Speaking as a bass player, a retailer of musical instruments, and a free-lance live technician, so much of it has to do with the type of tone generated by modern electric basses and their active electronics.

    For my money the best tone comes from classic passive models like original Fender Precision and Jazz basses, which where the defacto standard back in the the fifties and early sixties. The choices of woods, the winding of the pickups, and tube amplifiers made very rich tone that was easy to distinguish in recordings especially during the apex of recordings of the Stax and Atlantic artists of that time. (Listen to some of the work of Donald 'Duck' Dunn on some of those classics and see what I mean).

    So many basses today have electronics that all but destroy the actual definition, instead supplying low end rumble and high presence that may suit funk/slap players who use compression, but are terrible for rock. The type of character in an amplifier with 10" speakers has a much tighter sound than ones loaded with 15" speakers. They may look impressive, but make tone suffer.

    I also have little love for guitarists with multi-effect boxes who don't know how to program them, and use presets that have a smiley-face feel (all bass, no middle, all treble) and then complain they can't hear themselves in the mix...guitarists who use so much compression that their rhythm and lead volumes are indistinguishable. The best tone I ever heard is a guitar straight to a Marshall half stack, and a smart guitar player who listens to the rest of the band, and knows when to play soft (turn down) or play loud (turn up).

    When the Beatles were originally recording, they wanted to get that 'American sound' and British engineers told them they were daft - it would damage record cutting equipment and destroy styli. Compare 'Please Please Me' to 'Rubber Soul' and see how far they came with bass tone, then 'Revolver' with close-miking of drums.

    Anything beyond the original recording comes from dynamic compression (which as mention previously) does bad things to low end but keeps sound pressure levels more consistant, especially where commercial radio is concerned. Stations also perform additional compression and equalization so the recording sounds nothing like it does on your home stereo, but is necessary to be heard over the rumble of a car engine.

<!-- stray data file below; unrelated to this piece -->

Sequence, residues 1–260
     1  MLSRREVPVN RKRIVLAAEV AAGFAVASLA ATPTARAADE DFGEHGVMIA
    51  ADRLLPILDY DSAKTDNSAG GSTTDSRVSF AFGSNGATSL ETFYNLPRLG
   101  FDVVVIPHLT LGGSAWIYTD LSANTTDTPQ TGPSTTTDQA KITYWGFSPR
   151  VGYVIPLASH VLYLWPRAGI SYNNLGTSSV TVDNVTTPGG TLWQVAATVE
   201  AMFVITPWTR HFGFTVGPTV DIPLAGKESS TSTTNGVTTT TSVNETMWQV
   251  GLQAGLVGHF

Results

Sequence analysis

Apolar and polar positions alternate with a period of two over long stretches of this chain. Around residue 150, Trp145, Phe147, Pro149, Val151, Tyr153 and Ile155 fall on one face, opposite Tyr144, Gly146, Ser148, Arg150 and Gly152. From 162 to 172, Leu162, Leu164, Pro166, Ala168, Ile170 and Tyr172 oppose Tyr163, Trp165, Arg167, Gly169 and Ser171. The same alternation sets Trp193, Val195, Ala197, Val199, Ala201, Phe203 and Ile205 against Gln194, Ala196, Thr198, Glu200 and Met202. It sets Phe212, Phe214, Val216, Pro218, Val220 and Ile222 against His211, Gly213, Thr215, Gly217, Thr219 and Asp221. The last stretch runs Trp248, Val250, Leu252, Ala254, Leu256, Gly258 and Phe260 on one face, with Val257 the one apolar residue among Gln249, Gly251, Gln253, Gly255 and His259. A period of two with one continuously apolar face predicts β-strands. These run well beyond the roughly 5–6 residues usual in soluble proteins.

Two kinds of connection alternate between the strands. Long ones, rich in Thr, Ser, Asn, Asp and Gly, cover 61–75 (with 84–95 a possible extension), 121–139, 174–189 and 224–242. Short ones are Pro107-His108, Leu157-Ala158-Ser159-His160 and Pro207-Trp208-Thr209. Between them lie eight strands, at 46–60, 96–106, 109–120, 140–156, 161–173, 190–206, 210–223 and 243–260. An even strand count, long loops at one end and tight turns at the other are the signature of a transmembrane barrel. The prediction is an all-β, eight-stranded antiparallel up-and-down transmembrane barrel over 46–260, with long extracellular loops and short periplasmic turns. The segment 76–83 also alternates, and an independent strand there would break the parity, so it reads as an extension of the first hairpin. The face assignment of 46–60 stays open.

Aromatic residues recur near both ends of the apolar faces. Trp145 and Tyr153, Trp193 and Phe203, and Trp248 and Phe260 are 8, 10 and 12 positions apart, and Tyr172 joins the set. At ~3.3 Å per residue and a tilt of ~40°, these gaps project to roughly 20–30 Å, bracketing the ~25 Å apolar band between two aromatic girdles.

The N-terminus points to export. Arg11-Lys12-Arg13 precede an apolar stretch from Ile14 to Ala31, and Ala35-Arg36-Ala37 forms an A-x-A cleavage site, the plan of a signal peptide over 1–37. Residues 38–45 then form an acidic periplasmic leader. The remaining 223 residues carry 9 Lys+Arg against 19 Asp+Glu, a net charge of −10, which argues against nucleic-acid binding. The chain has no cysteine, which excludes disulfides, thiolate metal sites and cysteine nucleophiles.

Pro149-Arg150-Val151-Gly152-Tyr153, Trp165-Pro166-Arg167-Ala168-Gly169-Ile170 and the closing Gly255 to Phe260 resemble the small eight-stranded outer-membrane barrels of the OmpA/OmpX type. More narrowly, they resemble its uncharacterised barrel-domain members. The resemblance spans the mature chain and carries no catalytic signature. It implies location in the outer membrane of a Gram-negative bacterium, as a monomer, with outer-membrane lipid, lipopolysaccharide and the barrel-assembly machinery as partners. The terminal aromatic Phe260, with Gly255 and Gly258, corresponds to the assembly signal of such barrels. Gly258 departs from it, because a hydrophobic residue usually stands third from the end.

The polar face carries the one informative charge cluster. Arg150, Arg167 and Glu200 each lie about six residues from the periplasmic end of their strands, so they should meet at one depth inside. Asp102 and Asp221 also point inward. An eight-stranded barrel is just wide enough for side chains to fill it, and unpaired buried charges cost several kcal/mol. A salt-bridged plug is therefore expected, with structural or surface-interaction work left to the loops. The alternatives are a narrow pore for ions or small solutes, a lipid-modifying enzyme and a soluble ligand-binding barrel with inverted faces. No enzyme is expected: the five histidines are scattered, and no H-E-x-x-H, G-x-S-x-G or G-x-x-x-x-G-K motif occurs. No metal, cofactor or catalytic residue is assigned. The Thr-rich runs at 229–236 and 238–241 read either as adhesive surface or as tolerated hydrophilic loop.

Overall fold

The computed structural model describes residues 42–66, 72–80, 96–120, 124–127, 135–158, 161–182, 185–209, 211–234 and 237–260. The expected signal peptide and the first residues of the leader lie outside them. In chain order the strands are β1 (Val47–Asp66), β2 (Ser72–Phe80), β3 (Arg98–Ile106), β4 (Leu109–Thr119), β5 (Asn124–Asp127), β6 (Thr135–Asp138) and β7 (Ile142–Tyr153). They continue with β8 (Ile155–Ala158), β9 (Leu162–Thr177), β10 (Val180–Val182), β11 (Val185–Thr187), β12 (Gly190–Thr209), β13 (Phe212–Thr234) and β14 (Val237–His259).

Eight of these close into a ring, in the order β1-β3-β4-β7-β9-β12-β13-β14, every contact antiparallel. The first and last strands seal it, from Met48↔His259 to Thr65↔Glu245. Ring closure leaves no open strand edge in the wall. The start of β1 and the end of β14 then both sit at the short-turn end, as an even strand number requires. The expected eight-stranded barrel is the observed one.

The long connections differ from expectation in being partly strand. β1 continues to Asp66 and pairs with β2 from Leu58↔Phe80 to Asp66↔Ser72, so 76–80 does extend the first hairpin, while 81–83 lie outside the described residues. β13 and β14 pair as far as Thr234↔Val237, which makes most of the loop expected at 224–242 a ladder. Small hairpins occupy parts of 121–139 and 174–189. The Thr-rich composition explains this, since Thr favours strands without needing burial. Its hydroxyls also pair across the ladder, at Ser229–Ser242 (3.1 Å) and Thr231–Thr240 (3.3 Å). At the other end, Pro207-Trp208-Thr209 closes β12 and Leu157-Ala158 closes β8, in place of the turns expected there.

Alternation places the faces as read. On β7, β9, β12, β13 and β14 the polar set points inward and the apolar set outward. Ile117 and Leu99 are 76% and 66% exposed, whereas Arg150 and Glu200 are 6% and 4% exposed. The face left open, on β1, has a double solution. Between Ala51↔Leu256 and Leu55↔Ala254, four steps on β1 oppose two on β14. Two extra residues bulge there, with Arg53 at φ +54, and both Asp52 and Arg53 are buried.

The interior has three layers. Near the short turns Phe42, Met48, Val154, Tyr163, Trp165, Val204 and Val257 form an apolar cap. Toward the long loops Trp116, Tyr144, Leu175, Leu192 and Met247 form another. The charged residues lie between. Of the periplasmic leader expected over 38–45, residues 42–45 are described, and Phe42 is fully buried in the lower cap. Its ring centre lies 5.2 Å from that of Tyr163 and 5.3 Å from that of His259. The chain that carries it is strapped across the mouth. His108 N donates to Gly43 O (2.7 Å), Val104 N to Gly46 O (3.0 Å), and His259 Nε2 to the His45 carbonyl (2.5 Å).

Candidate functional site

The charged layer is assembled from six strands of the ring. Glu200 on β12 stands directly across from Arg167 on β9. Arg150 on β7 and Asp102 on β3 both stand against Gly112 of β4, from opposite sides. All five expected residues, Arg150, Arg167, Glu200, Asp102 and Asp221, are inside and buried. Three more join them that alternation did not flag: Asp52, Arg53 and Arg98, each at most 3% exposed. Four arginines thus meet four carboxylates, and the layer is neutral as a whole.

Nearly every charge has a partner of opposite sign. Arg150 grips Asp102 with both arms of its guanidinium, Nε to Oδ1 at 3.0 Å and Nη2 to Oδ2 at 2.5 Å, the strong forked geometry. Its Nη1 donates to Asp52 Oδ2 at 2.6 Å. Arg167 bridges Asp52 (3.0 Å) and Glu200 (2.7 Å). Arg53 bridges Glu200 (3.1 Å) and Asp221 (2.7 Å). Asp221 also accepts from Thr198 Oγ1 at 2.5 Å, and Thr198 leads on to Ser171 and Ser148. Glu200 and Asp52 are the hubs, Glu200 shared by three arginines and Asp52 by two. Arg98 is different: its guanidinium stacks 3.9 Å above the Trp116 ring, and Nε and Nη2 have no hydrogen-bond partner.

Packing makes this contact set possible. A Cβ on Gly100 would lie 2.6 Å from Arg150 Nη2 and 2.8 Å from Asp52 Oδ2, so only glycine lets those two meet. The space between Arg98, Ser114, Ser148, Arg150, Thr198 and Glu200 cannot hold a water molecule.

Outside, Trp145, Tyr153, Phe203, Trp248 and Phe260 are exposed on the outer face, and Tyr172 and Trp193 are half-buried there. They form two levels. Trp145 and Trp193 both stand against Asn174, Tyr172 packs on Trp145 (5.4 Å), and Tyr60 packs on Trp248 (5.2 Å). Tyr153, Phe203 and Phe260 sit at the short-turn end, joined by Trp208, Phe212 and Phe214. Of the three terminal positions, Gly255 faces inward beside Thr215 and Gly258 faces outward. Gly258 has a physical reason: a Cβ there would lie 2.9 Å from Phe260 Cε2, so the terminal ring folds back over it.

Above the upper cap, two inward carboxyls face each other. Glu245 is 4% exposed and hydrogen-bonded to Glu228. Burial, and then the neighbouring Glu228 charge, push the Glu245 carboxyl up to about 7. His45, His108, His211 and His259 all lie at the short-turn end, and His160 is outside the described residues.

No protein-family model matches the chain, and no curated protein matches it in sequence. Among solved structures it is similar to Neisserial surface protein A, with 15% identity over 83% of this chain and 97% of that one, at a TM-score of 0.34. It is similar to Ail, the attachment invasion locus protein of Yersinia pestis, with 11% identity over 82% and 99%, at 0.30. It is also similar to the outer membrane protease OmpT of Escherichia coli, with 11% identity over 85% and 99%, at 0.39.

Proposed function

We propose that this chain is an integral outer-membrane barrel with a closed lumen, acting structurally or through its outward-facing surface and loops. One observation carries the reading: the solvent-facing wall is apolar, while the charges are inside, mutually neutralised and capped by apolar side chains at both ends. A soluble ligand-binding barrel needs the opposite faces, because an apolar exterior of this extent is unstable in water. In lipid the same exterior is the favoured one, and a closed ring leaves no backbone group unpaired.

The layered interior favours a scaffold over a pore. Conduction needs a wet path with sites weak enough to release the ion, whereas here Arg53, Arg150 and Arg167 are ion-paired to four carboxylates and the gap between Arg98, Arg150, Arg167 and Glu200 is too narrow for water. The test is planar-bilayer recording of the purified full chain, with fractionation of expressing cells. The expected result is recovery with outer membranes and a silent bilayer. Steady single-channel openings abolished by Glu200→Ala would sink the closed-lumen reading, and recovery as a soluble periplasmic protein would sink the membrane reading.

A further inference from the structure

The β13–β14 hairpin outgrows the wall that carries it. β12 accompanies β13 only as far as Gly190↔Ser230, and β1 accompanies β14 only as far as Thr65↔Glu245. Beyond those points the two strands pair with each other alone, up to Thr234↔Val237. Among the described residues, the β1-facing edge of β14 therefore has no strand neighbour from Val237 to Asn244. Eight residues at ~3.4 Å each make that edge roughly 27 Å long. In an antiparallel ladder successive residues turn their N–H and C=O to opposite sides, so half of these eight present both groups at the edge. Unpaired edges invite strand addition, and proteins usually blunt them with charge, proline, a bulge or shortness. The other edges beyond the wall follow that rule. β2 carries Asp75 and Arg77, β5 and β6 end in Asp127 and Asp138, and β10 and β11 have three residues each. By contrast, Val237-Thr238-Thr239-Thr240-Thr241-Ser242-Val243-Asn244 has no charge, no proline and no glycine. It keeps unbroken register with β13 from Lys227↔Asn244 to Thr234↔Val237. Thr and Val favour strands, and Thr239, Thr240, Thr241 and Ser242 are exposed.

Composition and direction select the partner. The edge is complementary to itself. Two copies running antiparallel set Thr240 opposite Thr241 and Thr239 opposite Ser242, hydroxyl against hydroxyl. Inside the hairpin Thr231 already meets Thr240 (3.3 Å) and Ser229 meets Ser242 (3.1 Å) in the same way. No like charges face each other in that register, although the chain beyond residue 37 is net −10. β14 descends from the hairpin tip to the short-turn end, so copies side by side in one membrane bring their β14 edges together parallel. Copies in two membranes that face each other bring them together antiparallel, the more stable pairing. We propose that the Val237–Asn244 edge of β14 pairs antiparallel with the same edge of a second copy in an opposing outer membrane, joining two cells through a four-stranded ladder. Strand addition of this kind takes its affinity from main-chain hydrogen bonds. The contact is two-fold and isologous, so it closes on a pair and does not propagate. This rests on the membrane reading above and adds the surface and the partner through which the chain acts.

7. Wayne A. Pflughaupt

    Joined:
    Aug 5, 1999
    Messages:
    6,100
    Likes Received:
    33
    Location:
    Katy, TX
    Real Name:
    Wayne
    This is one of my all-time favorite topics - and pet peeves!

    My background is similar to Keith’s a bass player who frequently mixes live shows, and occasionally some small-time studio stuff.

    Carlo, if most of the concerts you’ve attended had the bass “well represented,” your averages are better than mine. Oh, it’s not that there’s a shortage of low freq energy; you can certainly feel it. It’s just that it’s muddy and undefined. You can see the bass player running up and down the neck, but you can’t pick a single note out of the mush.
    This seems to be a problem specific to rock music. I’d have to say that of all the discs I have where the bass sounds like crap, 100% of them are in the rock category. Indeed, I have an RTA connected to my system that gives a real-time display of program sources, and you’d be surprised the number of rock CD’s where bass response falls like a brick at 125-100Hz!

    Except for the kick drum: That sucker is flat all the way out to 30-40Hz. Just like they are in real life (yeah, right!).

    One show I went to a few years ago, during a quiet segment with solo acoustic guitar and vocalist, you could hear low frequency artifacts coming out of the subs at tremendous levels. Wow, what a revelation! I had no idea an acoustic guitar generated such strong fundamentals, all the way down to 40Hz!

    I think you get the idea. A lot of live engineers just don’t know what these instruments sound like in their natural state, without the aid of a sound system. They don’t get the concept that the goal of high fidelity (elusive as it may be) is “natural, only louder.”

    A big part of the problem in live situations is the mics they use. For instance, at close proximity the popular Shure 57’s and 58’s have a substantial, 3-octave wide hump centered at 200Hz. This means there is an unnatural bass boost when micing guitar amps, as well as for singers who like the “eat” the mic.